Results tagged “Museum of Fine Arts Boston” from ARTicles
Sebastian Smee, the chief visual art critic for The Boston Globe, was on a furlough day enjoying the beaches of Miami last Friday when executive editor Marty Baron called to say the writer had been awarded the Pulitzer Prize for criticism. When Smee landed in the newsroom on Monday, he gave a speech that praised his editors for holding to "a belief that the arts matter, and that good writing about the arts is going to be an important part of newspapers as they evolve.'' When I called to congratulate him this week, Smee reiterated the passion he has for his work in New England, spoke of the importance of value judgments in reviews and explained why he believes arts coverage is necessary to the future of journalism.
In your 2008 article The Mind of the Critic, you mention three categories people tend to associate with criticism: to judge, to educate and to entertain. What is the role of criticism?
It may not be the most interesting part of a critic's job, but it is the most important: that he or she expresses an opinion. That's what people are expecting from a critic. There's a tendency out of politeness or good manners or fear for critics to sit on the fence sometimes. I understand that, and sometimes I succumb to it myself. But I do think you need to form and express an opinion about the merits of something. Of course, that opens onto a whole world of much more interesting questions, and you can delve into ambiguities and mixed feelings and a certain amount of education.
You're not talking about stating that something is good or bad. You're talking about expressing an opinion.
Yeah, but good or bad is part of that. That's a critic's job: to make a value judgment on what they see. It's not imposing that value judgment as the only possible judgment about the thing. I see it very much as starting a discussion, but the discussion is going to get off to a much less interesting start if the critic hasn't actually said whether he thinks the thing he's looking at is good or bad.
What do you think about Boston generating two Pultizers in the arts this year? We might expect such numbers from New York, but what does it say about Boston right now?
Another approach to Chihuly's work might be embedded in the title of the MFA show: "Chihuly: Through the Looking Glass." The pop-culture reference is obvious, but as I descended into the bunker-like Gund Gallery in the basement of the MFA Art of Americas Wing, I felt the Alice label was only the beginning of a journey. Maybe Chihuly for all his twirls and twists and whimsy and wackiness is really an artist of the remix.Here are all the associations I made while walking through the exhibition (backward first, and then forward aided by wall narratives): the poster for Star Trek: The Motion Picture, the Emerald City in The Wizard of Oz, a Mozart overture, I Dream of Jeannie, Willy Wonka and the Chocolate Factory (with Gene Wilder), Willy Wonka and the Chocolate Factory (with Johnny Depp), every touristy store in Venice, a chemical stew of nuclear waste, Disney World's It's a Small World and mutations in nature after a post-apocalyptic disaster. (Sorry, I have no image for that.)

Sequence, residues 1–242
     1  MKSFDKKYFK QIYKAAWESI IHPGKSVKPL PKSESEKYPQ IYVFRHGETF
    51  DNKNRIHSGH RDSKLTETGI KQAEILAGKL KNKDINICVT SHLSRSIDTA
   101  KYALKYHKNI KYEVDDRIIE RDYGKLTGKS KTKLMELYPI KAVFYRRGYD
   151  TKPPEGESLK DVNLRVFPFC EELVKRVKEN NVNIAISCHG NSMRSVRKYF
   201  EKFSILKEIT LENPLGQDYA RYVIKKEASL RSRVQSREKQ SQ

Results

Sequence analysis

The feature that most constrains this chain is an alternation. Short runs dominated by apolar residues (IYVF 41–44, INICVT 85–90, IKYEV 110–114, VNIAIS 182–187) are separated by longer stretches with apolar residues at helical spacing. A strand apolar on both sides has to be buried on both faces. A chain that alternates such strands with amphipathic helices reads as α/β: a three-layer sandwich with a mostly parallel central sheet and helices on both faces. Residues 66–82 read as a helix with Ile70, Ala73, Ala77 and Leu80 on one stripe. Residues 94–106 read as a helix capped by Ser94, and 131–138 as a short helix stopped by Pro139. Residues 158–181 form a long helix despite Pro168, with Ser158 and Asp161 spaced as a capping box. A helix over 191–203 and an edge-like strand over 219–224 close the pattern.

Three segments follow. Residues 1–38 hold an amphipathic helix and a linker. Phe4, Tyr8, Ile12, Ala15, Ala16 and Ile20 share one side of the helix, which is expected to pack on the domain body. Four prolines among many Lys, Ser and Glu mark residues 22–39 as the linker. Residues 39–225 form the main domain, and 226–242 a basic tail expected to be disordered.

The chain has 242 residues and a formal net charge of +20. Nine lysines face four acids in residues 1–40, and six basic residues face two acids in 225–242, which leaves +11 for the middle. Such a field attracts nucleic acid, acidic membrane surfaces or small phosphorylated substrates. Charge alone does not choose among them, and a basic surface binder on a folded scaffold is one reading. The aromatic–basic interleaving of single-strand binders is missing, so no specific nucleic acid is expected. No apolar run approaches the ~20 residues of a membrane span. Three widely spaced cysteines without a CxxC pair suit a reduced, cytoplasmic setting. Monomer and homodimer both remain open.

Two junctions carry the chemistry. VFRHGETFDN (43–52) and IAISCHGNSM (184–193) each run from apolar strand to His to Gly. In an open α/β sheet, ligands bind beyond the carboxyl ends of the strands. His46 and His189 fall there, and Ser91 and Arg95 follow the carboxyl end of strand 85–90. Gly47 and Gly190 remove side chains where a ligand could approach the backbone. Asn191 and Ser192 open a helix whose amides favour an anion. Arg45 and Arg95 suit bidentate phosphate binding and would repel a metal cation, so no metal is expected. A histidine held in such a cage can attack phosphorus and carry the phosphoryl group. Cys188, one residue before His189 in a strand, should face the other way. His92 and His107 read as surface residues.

Yes, I feel the love in Chihuly's work, too. But I also felt as if I had stumbled upon a mad scientist's secret (and very moodily organized) laboratory that investigates the impact of over-loving Italy, primary colors and drugs.Barbara Rose, who wrote about Chihuly in 2000, called the artist a "mischievous, cunning, inspired shaman--a magician, a contemporary Merlin, a Ken Kesey Merry Prankster who produces the psychedelic experience of a magical, glowing, and sparkling, brilliantly alive panorama without drugs. This enchanted glass world has as much to do with Alice in Wonderland and the Wizard of Oz as it does with the great Renaissance and Baroque festivals that sovereigns arranged to entertain their courts and subjects."
So I guess I'm not alone. But I'm also not put off, pissed off or particularly captivated by Chihuly. To me, his work is puzzling in the most engaging sense of the word. Best of all, seeing his creations made me curious to know more about his influences outside of RISD and Venice. Through the Looking Glass got me thinking about the history of glass art in this country -- and that got me climbing up the vaulting Americas Wing staircase. And wouldn't you know, three floors higher: works by two of the most famous glass pros -- Louis Comfort Tiffany and John La Farge.
In the end, the experience reminded me of what I like best about art: It sends you on a quest. Like Alice down the rabbit hole.
Photos: Alicia Anstead